101 Classic Homes of the Twenties: Floor Plans and Photographsby Harris, McHenry & Baker Co., Harris
Originally published in 1925 by the Harris, McHenry & Baker Company of Elmira, New York, this authentic plan book advertises 101 "modern homes," selected from several thousand submitted designs. Chosen for aesthetic appeal as well as utility of arrangement and economy of construction, the houses encompass a truly impressive array of sizes and styles. Now this
Originally published in 1925 by the Harris, McHenry & Baker Company of Elmira, New York, this authentic plan book advertises 101 "modern homes," selected from several thousand submitted designs. Chosen for aesthetic appeal as well as utility of arrangement and economy of construction, the houses encompass a truly impressive array of sizes and styles. Now this meticulous reproduction of the company's plan book offers modern readers a look back at these charming residential homes of the 1920s.
Detailed floor plans with measurements and an actual photograph of the completed dwelling accompany each model. Designs include "The Stratford," a Tudor-style brick-and-stucco home with a library and servants' quarters; "The Northcliff," a three-bedroom Dutch colonial with a sun parlor; "The Belvedere" and "The Strathmore," attractive two-family homes; and many others.
Invaluable for restoring residences remodeled in the past, this handy volume will be of particular interest to owners of houses built in the 1920s as well as to restorers and preservationists in search of authentic plans.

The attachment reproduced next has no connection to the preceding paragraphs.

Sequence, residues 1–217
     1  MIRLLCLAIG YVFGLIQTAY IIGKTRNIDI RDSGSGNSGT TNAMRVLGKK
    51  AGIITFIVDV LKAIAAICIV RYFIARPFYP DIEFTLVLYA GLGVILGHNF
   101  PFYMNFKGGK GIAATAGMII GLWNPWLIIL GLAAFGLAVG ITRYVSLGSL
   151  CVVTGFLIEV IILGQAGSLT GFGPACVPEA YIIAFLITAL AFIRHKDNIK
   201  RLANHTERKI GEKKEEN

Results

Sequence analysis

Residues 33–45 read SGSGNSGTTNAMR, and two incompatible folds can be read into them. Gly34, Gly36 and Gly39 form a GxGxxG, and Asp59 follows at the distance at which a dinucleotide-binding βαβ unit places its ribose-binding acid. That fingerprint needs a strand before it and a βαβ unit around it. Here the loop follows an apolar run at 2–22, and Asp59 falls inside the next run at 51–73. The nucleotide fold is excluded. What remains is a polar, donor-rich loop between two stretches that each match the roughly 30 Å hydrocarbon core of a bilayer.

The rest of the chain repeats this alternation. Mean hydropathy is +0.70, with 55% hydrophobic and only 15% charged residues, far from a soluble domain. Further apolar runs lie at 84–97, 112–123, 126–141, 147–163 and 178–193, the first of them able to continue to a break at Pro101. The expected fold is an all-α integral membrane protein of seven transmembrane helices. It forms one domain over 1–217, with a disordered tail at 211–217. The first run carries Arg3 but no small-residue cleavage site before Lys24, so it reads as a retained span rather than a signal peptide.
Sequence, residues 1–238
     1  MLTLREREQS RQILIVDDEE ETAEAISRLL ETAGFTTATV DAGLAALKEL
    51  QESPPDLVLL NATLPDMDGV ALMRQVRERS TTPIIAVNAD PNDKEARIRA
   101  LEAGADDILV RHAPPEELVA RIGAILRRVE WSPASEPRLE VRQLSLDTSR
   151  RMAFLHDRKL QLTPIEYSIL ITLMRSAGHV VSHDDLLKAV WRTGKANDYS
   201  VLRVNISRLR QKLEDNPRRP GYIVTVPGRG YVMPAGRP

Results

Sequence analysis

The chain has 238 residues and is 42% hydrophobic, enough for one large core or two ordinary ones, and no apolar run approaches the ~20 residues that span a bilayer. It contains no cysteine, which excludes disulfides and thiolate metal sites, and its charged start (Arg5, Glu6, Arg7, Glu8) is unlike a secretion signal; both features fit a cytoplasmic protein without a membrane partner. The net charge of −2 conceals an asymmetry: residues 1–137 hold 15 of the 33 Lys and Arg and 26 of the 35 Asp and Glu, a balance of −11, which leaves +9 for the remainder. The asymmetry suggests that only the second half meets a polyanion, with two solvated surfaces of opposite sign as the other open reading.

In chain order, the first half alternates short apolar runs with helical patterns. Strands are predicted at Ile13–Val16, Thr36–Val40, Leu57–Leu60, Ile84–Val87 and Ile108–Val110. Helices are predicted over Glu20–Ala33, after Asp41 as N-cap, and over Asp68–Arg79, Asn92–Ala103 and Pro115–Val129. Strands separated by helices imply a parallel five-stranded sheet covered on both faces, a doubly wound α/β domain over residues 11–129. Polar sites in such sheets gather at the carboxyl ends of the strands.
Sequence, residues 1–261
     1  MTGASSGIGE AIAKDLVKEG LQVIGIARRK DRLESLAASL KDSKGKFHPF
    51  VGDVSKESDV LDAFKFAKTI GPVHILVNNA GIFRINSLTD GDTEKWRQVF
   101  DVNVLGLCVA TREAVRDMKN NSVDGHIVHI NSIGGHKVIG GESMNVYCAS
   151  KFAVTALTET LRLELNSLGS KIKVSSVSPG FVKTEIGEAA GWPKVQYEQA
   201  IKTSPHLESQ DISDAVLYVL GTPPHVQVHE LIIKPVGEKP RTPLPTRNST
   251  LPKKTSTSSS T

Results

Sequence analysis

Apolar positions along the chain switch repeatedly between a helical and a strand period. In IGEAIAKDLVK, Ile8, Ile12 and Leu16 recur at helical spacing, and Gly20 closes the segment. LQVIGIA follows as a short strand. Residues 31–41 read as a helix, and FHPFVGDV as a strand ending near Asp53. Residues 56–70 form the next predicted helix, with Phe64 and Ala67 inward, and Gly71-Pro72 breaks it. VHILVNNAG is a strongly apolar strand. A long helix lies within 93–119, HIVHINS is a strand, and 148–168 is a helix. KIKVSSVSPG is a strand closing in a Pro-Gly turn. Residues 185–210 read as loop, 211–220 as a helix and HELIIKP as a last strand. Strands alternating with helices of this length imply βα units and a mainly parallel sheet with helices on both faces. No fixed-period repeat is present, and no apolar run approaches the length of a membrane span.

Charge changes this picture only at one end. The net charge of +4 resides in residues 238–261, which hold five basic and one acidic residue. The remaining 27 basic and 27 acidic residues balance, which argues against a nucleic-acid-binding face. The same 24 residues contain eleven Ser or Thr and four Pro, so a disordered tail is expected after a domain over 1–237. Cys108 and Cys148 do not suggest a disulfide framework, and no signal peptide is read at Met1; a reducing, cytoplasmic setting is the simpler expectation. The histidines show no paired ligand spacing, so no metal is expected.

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This is a well done volume of commonly built and desirable home plans from the early to mid 20s. The designs and floorplans show a good bit of variability, but nothing especially innovative for the time. The pleasure comes from perusing the well done elevation illustrations and the beautifully drawn floorplans that are very clearly labeled, including room dimensions and general measurements. No need to get out the magnifying glass here! Another feature is the flowery prose that accompanies each plan, extolling the virtues of why a forthright, hard working, self sacrificing man should put forth the effort and make the necessary financial sacrifices to construct the marvelous home in question for his hardworking, self-effacing wife and happy, healthy, growing children they will have if they have a wonderful home to own, not rent, and to occupy just themselves, and not share the building or the grounds with anyone else. It's almost as entertaining to read those as it is to peruse all the designs and plans and imagine how you might take up residence, arrange your belongings, change kitchen and maybe bath layouts, and so forth. The misleading authorship comes directly from Dover itself. A common means of distribution of house plan books has always been by making them available locally through your building materials suppliers and lumberyards, either for free, for a small fee, depending on the size and complicated nature of the volume, or only to contractors and builders for their use in drumming up business with their own customers. When lumberyards and building materials dealers were the source, it was very common for the publisher to stamp or print the name of that business on the cover, usually at the bottom. This is the case with this book. Harris, McHenry and Baker, Co., is the name of a building materials suppler, I believe from Pennsylvania, and whose name was imprinted on the cover of the book that Dover Reprints chose to use for their reprint of this company's plan book. Standard Homes Company, which was located in Washington DC at the time of this volume ' production, is now located in North Carolina, still in business doing what they do best, and still being run by younger generations of the original founder. They of course have a website, and many of their postwar pamphlets and booklets can be found through various online vendors.